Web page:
There were a couple of minor attempts to bring Batman back to his roots but nothing too serious seemed to take root. Between sci-fi and the silly, campy Scooby Doo like adventures of the Caped Crusader and the Boy Wonder there seemed to be no room for the Dark Knight. But just when you thought Batman couldn't be sillier television would discover Gotham's secret and would put out a product that drove pop culture interest and literally made Batman and Robin a joke. While there were some highlights as far as the acting (primarily Caesar Romero - ok, ok, ONLY Caesar Romero) Adam West (Batman) and Burt Ward (Robin) would turn in over the top performances that, to Batman fans, were ridiculous but to the masses being exposed to them for the first time was comic genius. Unfortunately the TV show was so successful initially someone at DC decided it would be a wonderful idea to turn the comic book into a TV show promo book and soon Batman fans found themselves assaulted from all sides. Thankfully, the TV show only lasted a few seasons and shortly after the end of that campy, ridiculous spectacle Batman would get a new creative team.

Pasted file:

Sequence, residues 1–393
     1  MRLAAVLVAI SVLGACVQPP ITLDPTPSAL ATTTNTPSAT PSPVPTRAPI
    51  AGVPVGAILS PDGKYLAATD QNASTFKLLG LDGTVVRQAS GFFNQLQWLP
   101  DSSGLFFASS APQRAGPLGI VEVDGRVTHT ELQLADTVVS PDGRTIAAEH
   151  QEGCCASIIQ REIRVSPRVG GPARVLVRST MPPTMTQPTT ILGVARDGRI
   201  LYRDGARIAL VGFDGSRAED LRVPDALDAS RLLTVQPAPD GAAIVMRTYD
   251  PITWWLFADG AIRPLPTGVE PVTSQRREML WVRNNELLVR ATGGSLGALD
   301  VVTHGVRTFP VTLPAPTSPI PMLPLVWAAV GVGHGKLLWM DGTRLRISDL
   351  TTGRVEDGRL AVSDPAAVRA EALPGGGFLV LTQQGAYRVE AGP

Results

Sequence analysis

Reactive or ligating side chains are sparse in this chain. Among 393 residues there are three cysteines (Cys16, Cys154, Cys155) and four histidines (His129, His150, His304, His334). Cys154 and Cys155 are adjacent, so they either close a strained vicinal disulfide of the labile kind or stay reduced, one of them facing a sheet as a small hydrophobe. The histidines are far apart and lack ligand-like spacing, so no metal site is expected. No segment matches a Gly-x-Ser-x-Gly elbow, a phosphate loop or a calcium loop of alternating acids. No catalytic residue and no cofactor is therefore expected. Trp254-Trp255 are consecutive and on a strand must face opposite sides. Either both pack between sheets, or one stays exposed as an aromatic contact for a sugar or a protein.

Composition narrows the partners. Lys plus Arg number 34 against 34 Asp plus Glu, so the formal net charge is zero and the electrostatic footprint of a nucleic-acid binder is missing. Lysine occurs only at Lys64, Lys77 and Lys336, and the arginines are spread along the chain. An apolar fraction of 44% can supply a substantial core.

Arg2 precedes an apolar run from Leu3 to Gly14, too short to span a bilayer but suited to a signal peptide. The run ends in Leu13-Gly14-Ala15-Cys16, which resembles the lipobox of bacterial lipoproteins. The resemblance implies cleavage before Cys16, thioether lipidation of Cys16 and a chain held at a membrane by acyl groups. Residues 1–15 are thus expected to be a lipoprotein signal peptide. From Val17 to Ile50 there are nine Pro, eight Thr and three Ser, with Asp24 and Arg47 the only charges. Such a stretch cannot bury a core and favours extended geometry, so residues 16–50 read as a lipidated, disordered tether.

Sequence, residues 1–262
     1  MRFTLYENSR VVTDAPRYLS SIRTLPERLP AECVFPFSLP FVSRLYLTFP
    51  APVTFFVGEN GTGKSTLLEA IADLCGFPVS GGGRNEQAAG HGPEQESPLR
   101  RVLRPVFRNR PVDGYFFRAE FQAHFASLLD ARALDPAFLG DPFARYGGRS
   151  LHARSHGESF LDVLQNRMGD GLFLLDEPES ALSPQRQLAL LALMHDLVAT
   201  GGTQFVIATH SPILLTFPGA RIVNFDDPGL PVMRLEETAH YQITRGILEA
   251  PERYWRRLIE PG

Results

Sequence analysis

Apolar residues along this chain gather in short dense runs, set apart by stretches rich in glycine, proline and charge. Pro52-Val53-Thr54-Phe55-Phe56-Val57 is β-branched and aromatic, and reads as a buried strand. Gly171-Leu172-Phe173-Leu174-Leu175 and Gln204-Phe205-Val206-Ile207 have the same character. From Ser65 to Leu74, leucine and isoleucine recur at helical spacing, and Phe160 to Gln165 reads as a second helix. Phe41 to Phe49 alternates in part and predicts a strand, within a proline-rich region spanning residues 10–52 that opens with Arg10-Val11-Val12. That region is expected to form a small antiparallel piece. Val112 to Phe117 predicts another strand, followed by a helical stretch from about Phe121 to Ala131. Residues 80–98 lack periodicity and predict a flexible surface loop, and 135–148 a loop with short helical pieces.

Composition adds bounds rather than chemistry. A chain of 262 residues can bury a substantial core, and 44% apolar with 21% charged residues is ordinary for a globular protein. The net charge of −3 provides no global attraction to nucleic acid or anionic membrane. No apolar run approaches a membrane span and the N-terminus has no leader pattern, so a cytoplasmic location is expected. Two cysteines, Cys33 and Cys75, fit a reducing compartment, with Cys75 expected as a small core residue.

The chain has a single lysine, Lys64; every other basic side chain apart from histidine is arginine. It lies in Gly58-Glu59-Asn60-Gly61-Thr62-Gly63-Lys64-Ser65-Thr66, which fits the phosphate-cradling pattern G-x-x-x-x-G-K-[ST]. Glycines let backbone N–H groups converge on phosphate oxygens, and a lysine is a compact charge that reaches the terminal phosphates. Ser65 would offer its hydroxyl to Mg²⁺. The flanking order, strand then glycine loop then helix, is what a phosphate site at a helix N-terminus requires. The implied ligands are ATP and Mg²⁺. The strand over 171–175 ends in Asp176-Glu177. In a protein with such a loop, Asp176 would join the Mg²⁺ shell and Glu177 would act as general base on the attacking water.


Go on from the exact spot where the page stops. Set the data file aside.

Batman fans would have to suffer for nearly 20 long years through the early 50's to the late 60's before being rescued by writer Denny O'neil and artist Neal Adams. The two would return the Dark Knight to his dark roots paving the way for writers and artists alike such as Steve Englehart, Walt Simonson, Marshall Rogers, Jim Aparo, Irv Novick, Frank Robbins, Brian Bolland, Alan Moore, Frank Miller, Todd Mcfarlane, Scott Snyder, Greg Capullo and more.

The next decade saw the Dynamic Duo reestablished as a two man team that would indeed strike fear into the those that roamed the night. Some of the most iconic stories would follow and from that point to this we don't go very long without the Bat's world being tested in darkness and danger. The future has certainly never been more bright for one of DC's darkest icons!

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Additional Info
Grader Notes GD/VG (3.0)
Publisher DC
Character Batman
Grade 3.0 GD/VG
Genre Superheroes
Certification No
Signed N/A